A patient is asked to follow up for care but does not, and severe cellulitis develop
A patient's positive hepatitis B results were overlooked for 7 years.
A clinician sends an 18-year-old patient for a same-day MRI but forgets to review the results with the same urgency.
It is well-accepted that healthcare practitioners have a duty to their patients, but do patients have a duty as well?
Several reports have found that the rate of adverse events among hospitalized patients has been declining in recent years.
A communication failure when one clinician refills a prescription written by another has a dire result.
A clinician was found not guilty of negligence after his patient, a lifelong smoker, died of cancer.
A significant number of hospitals do not have sufficient policies in place to deal with the aftermath of egregious hospital errors.
A medical center takes issue with a clinician who uses her employee access to view her ex-husband's medical records.
Duty of care owed to a nurse practitioner's patient by a collaborative practice partner comes into question.
A clinician turns away a man looking for assistance before a walk-in clinic is open for the day.
A nurse divulges a patient's sexually transmitted disease to his girlfriend, who happens to be the nurse's sister-in-law.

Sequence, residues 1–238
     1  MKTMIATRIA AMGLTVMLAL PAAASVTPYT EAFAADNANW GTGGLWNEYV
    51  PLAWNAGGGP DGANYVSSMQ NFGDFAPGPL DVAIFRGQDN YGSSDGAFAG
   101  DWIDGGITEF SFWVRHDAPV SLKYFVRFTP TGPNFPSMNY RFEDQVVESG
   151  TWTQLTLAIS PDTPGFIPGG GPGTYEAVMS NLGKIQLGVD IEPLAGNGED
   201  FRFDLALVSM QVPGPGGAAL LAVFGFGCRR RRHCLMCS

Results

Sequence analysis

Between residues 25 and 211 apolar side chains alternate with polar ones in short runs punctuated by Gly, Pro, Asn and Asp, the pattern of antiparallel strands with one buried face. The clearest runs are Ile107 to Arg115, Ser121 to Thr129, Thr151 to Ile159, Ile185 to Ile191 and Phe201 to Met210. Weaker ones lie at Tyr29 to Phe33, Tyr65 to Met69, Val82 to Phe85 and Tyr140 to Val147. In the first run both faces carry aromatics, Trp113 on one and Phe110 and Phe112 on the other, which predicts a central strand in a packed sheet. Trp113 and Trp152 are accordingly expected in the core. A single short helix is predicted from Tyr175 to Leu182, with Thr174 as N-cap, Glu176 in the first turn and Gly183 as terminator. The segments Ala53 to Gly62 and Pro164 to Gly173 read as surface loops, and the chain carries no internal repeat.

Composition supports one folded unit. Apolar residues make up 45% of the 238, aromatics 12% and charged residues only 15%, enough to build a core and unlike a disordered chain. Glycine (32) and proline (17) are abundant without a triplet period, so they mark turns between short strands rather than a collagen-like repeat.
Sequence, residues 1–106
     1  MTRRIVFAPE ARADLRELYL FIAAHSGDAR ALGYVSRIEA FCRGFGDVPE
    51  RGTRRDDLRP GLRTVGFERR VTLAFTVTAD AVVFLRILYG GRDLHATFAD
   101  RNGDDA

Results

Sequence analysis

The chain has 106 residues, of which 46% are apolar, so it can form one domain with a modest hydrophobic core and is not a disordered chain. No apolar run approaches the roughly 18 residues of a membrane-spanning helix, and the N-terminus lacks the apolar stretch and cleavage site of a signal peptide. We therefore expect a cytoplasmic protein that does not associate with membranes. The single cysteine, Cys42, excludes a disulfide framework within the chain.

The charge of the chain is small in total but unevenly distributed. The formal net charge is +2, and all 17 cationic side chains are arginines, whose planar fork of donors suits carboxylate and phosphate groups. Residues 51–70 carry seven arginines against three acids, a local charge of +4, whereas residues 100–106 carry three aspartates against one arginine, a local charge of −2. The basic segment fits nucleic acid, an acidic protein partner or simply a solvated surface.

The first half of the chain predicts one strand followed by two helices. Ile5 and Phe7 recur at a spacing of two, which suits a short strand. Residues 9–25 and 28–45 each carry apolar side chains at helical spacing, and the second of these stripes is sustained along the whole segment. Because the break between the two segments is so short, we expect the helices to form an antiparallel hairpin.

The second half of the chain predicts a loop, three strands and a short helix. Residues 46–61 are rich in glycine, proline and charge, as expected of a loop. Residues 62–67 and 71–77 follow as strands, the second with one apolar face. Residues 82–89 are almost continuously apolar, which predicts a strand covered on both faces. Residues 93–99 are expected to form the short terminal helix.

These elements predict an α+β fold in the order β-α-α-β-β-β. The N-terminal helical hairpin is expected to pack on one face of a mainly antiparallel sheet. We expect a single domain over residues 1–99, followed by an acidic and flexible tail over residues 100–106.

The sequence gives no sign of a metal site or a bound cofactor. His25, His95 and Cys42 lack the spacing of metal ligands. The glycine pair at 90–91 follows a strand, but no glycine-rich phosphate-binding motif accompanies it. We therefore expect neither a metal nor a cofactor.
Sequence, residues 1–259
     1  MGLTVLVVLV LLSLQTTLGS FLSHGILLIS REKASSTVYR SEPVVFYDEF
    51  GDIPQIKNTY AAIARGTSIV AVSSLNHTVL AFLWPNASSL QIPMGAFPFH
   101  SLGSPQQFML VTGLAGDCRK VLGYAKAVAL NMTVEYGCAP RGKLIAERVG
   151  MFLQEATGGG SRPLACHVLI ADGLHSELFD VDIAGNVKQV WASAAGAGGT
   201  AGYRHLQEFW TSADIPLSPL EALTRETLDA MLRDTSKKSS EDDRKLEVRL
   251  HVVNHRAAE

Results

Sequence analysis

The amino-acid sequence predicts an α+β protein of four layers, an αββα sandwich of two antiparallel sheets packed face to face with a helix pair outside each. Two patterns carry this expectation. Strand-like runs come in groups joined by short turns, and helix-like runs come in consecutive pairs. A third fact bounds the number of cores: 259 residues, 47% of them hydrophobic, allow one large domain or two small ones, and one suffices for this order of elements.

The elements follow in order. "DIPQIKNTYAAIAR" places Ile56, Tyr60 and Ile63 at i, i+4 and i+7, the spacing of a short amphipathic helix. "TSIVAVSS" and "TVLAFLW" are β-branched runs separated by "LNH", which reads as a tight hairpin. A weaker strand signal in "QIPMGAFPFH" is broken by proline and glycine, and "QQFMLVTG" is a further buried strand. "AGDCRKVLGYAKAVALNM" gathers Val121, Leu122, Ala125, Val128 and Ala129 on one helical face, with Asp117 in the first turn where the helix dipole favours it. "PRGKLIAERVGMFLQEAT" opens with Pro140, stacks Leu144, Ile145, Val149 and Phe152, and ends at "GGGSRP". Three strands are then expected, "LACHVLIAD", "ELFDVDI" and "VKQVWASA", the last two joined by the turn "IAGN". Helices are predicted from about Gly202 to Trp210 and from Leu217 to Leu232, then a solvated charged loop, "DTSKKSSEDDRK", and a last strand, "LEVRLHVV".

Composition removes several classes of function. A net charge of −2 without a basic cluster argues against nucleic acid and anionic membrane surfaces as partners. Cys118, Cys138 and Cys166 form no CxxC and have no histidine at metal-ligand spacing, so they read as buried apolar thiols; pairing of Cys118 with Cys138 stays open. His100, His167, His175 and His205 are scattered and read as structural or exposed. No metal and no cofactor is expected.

A patient's widow asserts that the clinician should have checked hospital records taken prior to admission.
A patient got into a car accident after clinicians failed to warn her of the side effects of the drugs they administered to her.
The number of medical malpractice claims made against anesthesiologists has significantly decreased since 2005.
Denmark's compensation-based medical malpractice program has several features that could benefit the current malpractice system in the United States.
Clinicians are more likely to have been sued if they practice in obstetrics/gynecology, surgery, or orthopedics.
The attorney general of Florida has filed a brief defending the state's current monetary cap on medical malpractice awards.
Since the start of the Affordable Care Act in 2010, patient deaths due to hospital-acquired infections have dropped by almost 90,000.
After an inconclusive autopsy, a hospital refuses to return a deceased patient's heart to his widow.
After their daughter died from a brain injury, her parents are suing their health insurance company for breaching fiduciary duties.
So-called "defensive medicine" accounts for extra, perhaps unnecessary, healthcare costsS
Many hospitals are unwilling to adopt policies that can reduce errors.
Wisconsin has the lowest medical malpractice claims in the country, which may be due to caps on noneconomic damages.
Clinicians in the operating room were sued for defamation after insulting a patient while he was under anesthesia.
A patient overdoses when communication breaks down between clinicians.
Serious complications follow a decision not to hospitalize a patient.
A clinician fails to urgently obtain a neurologic referral for a baby with developmental delays.
Providers have been concerned that quality metrics, such as those mandated by the Affordable Care Act, pose unintended legal risks for health-care practitioners.
The judgment, awarded by a jury against Children's Hospital Colorado is believed to be the biggest malpractice verdict in Colorado's history.